To be fair, my suspicion is that part of our infatuation with empirical research is an understandable and justifiable reaction to the elitism of the medieval scholastics, who could not have cared less what the data showed when they had “the philosopher” on their side. Empirical research is, after all, as much a child of the Enlightenment as is democracy. Still, anything, even a good thing, can be taken to a ridiculous extreme. We have free public education because some wise heads years ago were aware of the dangers inherent in letting ignorant and illiterate people vote. Are we not similarly aware of the dangers inherent in having ignorant and, apparently, illiterate, people crafting empirical studies?

Perhaps, after all, history is just a series of pendulum swings, back and forth, between overweening confidence in our inherent reasoning capacities and pathological skepticism concerning the truth or reality of anything we can’t define ostensively. It looks to me like the project of the Enlightenment to wipe out intellectual elitism has turned into a case of throwing out the baby with the bathwater. We meant to discredit a particular, deviant, exercise of “reason,” but we were finally unable to control this new skepticism and ended with the reductio ad absurdum of discrediting reason itself.

David Brooks writes in the  New York Times that what he calls “the rising philosophy of the day” is “data-ism.”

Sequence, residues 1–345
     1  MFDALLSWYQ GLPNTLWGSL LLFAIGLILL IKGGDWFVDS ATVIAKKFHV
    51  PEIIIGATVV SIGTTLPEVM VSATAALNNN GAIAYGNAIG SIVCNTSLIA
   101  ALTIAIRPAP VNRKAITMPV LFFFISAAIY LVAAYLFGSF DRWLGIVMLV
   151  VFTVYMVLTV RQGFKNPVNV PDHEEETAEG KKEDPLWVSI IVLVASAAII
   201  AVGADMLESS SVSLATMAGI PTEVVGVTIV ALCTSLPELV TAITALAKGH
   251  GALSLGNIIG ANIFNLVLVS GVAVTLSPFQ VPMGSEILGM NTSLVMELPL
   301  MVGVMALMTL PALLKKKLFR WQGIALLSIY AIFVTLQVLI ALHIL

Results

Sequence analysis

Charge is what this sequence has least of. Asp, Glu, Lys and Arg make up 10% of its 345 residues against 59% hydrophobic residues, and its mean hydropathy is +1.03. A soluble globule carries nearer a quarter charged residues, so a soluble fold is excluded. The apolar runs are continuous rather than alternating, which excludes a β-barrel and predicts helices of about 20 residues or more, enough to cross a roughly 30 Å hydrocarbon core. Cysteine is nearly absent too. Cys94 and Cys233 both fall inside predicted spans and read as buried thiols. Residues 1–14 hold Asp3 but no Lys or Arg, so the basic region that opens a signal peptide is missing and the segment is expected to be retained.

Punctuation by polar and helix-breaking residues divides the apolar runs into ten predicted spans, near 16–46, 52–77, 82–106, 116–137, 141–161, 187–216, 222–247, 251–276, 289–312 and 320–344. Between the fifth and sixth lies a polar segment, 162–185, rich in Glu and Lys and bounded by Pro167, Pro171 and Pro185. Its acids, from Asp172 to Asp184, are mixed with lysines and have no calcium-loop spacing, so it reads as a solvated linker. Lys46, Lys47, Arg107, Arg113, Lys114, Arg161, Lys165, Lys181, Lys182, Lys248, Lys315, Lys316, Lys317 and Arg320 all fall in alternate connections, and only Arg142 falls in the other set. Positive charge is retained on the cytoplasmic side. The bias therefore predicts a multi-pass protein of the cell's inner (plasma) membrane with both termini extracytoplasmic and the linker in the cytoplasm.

He’s got that right. We can’t think anymore. We can only count.

(An earlier version of this article appeared in the online journal CounterPunch.)

Newsflash– “Piety” is a real Surname!

Portrait caricatureI’d like to clear up what may be a confusion in the minds of some of my readers. I got an email awhile ago, from someone who liked my blog on Kierkegaard, asking me if “Piety” was a pen name. That’s a natural question, I suppose, especially for a Kierkegaard scholar (I’m sure John Wisdom was always being asked if “Wisdom” was his real name). “I know that word,” people probably think, “and it’s not a name!” That, in any case, was the explanation offered by my friend David Leopold when the American Academy of Religion misspelled my name. That seems plausible. Either that, or they simply didn’t know how to spell “piety” (which, if it were true, would confirm the suspicions of the folks over at the Society of Biblical Literature).

No, “Piety” is my real name. There have been Pietys in the U.S. since before the Revolutionary war. In fact, my ancestor, Thomas Piety, served under Gen. Arthur St. Clair in the American Army when George Washington was president. Arthur St. Clair was an ancestor of Jeff St. Clair, editor of the wonderful online journal Counter Punch, for which I sometimes write, so a Piety is still serving under a St. Clair.

My father, Harold Piety, was briefly the religion editor at the East St. Louis Journal. According to my mother, he used to enjoy answering the phone: “Religion, Piety speaking.”

My middle name is Gaye. I changed my name when I married the legal scholar and humorist Brian J. Foley, to “Marilyn Gaye Piety Foley,” so “Piety” is still my real name, or at least part of it. I plan to keep using it too. I think it’s a good name for a Kierkegaard scholar.

(An earlier version of this post appeared on the blog Piety on Kierkegaard.)